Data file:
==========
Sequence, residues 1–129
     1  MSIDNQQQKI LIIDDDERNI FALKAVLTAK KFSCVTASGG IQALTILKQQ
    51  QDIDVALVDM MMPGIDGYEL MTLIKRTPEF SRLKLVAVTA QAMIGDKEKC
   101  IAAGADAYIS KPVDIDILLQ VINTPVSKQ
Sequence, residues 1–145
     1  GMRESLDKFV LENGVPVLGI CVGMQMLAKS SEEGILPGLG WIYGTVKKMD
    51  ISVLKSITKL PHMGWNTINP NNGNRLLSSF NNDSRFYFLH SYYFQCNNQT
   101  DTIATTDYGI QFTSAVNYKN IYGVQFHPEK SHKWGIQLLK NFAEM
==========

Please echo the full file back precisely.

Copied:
Sequence, residues 1–129
     1  MSIDNQQQKI LIIDDDERNI FALKAVLTAK KFSCVTASGG IQALTILKQQ
    51  QDIDVALVDM MMPGIDGYEL MTLIKRTPEF SRLKLVAVTA QAMIGDKEKC
   101  IAAGADAYIS KPVDIDILLQ VINTPVSKQ
Sequence, residues 1–145
     1  GMRESLDKFV LENGVPVLGI CVGMQMLAKS SEEGILPGLG WIYGTVKKMD
    51  ISVLKSITKL PHMGWNTINP NNGNRLLSSF NNDSRFYFLH SYYFQCNNQT
   101  DTIATTDYGI QFTSAVNYKN IYGVQFHPEK SHKWGIQLLK NFAEM